Thai telecoms operators True Corp and DTAC reported on 18 February that their respective boards have approved the merger of their businesses to create a new listed telecoms and tech company. Pending regulatory approval, the next stage of the merger process will involve a voluntary tender offer to allocate shares in the new company (‘NewCo’) to the shareholders of True and DTAC, in accordance with the following ratios: one existing share in True to 0.60018 shares in NewCo; and one existing share in DTAC to 6.13444 shares in NewCo.
TeleGeography notes that DTAC and True Corp first agreed to merge their operations in November 2021. The initial merger plan was approved by their respective executive boards on 19 November, with the duo inking a memorandum of understanding (MoU) on 22 November for an equal partnership to form a new merged firm which will apply to be listed on the Stock Exchange of Thailand (SET). The deal is worth an estimated USD8.6 billion. Thai agribusiness conglomerate Charoen Pokphand (CP) Group currently controls True Corp, while Norwegian telco Telenor is DTAC’s existing largest shareholder.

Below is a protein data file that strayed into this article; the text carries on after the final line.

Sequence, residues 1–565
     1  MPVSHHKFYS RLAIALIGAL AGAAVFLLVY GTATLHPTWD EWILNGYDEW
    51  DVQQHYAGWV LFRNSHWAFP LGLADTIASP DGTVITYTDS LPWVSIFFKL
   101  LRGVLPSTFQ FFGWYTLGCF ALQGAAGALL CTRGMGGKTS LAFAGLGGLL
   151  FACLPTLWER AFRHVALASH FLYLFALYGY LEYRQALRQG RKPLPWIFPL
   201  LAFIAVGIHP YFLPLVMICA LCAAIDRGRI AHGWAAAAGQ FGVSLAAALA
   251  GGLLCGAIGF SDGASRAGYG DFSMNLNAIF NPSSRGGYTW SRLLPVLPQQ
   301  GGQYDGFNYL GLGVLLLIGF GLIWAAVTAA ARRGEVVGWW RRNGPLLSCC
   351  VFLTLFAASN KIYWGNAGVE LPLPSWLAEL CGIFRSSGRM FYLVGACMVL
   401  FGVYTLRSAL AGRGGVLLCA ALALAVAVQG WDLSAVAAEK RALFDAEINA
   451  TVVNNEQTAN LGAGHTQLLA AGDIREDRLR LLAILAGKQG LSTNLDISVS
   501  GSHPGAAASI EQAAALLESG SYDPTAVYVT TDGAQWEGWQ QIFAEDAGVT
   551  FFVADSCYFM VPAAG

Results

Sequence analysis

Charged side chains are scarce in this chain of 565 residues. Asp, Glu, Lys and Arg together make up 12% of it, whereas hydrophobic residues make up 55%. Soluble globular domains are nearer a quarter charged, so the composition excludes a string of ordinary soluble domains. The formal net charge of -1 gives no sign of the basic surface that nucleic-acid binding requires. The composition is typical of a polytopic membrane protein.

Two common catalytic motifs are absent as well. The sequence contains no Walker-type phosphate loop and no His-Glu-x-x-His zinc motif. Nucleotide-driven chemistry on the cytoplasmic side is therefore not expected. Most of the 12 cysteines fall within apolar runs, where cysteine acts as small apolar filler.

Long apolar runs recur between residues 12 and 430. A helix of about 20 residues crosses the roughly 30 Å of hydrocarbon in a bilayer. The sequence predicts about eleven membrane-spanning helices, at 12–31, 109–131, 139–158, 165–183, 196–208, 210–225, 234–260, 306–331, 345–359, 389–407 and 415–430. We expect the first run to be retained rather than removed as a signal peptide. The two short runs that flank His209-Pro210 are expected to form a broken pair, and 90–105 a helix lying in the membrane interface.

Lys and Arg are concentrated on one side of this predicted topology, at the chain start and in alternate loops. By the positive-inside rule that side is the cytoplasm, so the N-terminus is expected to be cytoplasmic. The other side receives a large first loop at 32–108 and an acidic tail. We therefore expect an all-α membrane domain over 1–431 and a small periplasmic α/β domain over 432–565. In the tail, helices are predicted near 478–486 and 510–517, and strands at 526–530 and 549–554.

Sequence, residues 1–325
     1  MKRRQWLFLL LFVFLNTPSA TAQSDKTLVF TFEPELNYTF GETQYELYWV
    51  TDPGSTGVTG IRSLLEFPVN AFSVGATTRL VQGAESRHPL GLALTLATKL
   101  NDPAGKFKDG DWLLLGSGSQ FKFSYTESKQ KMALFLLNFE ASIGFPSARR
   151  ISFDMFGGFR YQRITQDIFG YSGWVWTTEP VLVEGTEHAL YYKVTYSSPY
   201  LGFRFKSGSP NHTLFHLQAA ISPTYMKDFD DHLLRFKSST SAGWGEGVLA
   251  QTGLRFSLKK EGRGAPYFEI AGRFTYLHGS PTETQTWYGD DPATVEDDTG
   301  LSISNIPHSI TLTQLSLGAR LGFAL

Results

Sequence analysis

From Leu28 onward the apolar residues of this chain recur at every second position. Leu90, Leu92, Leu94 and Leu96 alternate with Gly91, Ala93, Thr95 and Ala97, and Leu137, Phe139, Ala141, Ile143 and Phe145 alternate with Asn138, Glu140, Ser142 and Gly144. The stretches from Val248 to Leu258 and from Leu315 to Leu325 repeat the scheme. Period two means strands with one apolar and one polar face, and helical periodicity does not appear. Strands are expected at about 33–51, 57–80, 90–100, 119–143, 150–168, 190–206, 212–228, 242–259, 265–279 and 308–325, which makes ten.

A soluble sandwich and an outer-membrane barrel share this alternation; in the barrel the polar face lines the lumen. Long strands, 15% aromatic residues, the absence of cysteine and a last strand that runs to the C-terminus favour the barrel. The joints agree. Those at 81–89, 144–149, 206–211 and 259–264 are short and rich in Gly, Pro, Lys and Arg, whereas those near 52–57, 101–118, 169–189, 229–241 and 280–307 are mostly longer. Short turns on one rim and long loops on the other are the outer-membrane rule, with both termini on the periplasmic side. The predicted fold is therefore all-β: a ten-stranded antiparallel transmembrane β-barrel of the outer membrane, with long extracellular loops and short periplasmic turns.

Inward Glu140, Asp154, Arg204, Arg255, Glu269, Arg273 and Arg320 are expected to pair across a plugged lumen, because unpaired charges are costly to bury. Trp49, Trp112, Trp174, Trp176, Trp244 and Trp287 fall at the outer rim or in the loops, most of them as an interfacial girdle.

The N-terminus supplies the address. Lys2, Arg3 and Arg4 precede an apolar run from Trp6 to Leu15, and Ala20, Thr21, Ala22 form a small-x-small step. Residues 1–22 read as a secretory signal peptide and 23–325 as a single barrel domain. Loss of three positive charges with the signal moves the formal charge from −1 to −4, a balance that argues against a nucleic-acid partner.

The companies’ latest announcement states that: ‘The amalgamation primarily aims to restructure the business of [DTAC and True] and to further develop their telecommunications business operations to become a genuine “technology company” to meet the challenges of the fast-paced market disruptions and to enhance competitiveness through development and upgrading of network performance. While the telecommunications business will remain a key business of NewCo, further business development will be technology-oriented which will support the digital transformation of Thailand, in line with Thailand 4.0, to create know-how on science, technology and innovation, and the nation’s economic development for better competitiveness in the digital industrial sectors. The amalgamation also intends to further develop NewCo business through artificial intelligence, cloud technology, smart devices, smart cities, and patronage of start-ups in Thailand.’